Self-Storage Operators Experience Unit Shortage Due to Moving Boom in Bend, OR

An improving economy coupled with a housing shortage have increased move-ins at self-storage facilities in Bend, Ore., leaving occupancy full across the market and forcing customers to put their names on waiting lists, according to the source. “In our first year [2008], the owner was giving storage away, basically,” said Steve Miller, assistant manager at Jamison Street Self Storage, “And now, it’s basically the opposite.”

An improving economy coupled with a housing shortage have increased move-ins at self-storage facilities in Bend, Ore., leaving occupancy full across the market and forcing customers to put their names on waiting lists, according to the source. “In our first year [2008], the owner was giving storage away, basically,” said Steve Miller, assistant manager at Jamison Street Self Storage, “And now, it’s basically the opposite.”

An influx of people moving to Bend and other areas of Oregon spiked recently, with the state named the top U.S. moving destination in 2013 and 2014 by the “National Movers Study,” an annual report produced by United Van Lines LLC, a national moving company. Sixty-six percent of moves to and from Oregon were “inbound,” which led the nation and represented a 5 percent increase year over year.

“With economic stability growing nationally, the current migration patterns reflect longer-term trends of movement to the southern and western states, especially to those where housing costs are relatively lower, climates are more temperate, and job growth has been at or above the national average, among other factors,” said Michael Stoll, an economist and chair of the Department of Public Policy at the University of California, Los Angeles, who was quoted in the study. “Unique amenities such as outdoor recreation, arts and entertainment activities, and green-space protection likely continue to propel Oregon to the top of the list for the second straight year.”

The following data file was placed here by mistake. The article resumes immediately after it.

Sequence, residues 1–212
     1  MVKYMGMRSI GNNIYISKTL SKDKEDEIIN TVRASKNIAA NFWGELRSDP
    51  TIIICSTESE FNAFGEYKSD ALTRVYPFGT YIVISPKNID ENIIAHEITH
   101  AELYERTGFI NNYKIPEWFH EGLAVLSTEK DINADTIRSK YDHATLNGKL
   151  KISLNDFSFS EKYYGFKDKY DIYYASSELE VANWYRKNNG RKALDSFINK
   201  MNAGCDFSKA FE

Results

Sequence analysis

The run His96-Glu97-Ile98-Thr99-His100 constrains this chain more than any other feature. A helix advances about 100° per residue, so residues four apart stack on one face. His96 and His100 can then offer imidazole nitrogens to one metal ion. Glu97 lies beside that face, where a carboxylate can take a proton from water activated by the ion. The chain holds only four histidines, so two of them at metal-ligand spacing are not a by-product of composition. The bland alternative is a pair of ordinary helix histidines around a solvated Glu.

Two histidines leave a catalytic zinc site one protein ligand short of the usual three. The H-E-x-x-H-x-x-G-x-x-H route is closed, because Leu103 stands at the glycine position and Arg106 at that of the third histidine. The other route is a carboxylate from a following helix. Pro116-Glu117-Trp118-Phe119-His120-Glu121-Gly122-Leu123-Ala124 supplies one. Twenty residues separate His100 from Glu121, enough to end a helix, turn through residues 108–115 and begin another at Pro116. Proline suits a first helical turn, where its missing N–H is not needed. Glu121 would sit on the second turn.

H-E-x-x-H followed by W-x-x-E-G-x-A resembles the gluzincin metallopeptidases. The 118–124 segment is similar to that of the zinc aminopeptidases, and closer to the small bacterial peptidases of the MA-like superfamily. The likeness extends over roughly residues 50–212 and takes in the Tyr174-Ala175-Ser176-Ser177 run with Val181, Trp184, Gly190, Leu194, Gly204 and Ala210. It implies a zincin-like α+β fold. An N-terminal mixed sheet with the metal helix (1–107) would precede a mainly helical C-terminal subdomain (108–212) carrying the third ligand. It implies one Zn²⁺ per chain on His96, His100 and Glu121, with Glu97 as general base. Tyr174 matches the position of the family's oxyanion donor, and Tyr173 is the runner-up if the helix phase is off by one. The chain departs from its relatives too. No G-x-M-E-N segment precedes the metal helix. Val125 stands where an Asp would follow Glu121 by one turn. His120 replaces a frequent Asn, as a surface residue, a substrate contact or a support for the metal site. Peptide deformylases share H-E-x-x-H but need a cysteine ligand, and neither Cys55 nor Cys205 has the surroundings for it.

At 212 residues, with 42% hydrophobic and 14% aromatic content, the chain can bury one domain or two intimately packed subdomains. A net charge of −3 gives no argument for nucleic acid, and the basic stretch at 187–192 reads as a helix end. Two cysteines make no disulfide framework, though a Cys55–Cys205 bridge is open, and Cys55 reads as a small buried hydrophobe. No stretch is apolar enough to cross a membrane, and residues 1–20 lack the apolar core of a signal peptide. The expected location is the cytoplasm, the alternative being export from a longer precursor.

Of the inbound moves to Oregon in 2014, 38 percent of respondents cited a new job as their reason for moving, while 29 percent said retirement, according to the report. Deschutes County, which includes Bend, was the fastest-growing county in Oregon last year, with a 2.67 percent increase of inbound moves from 2013, the source reported.

Occupancy at Jamison Street Self Storage is at its fullest from May to September, which is considered moving season in Central Oregon, Miller told the source. All 320 units at the facility are currently rented, and the business is keeping a waiting list, he said.

“We have people moving to town who don’t have a place to live yet and don’t have any place to store their stuff, and they’re sitting out here in a U-Haul truck,” Dave Romine, manager at Old Mill Self Storage in Bend, told the source. Old Mill is one of four storage facilities in Bend owned by Northwest Self Storage. While the facilities work together to find available units for customers, the number of move-ins during the last year have made finding vacancies difficult, Romine said. Some Bend residents have had to rent units as far away as Prineville, Ore., about 35 miles away.

S & R Storage in La Pine, Ore., about 30 miles north of Bend, has been fully occupied since the beginning of the year and has a waiting list two pages long, facility manager Lorrie Bosch told the source. A handful of her tenants are from Bend, she said.

Elsewhere, Northwest Crossing Self Storage, which opened earlier this month, has units available but is quickly leasing up, manager Linda Eaton told the source.

Sources:

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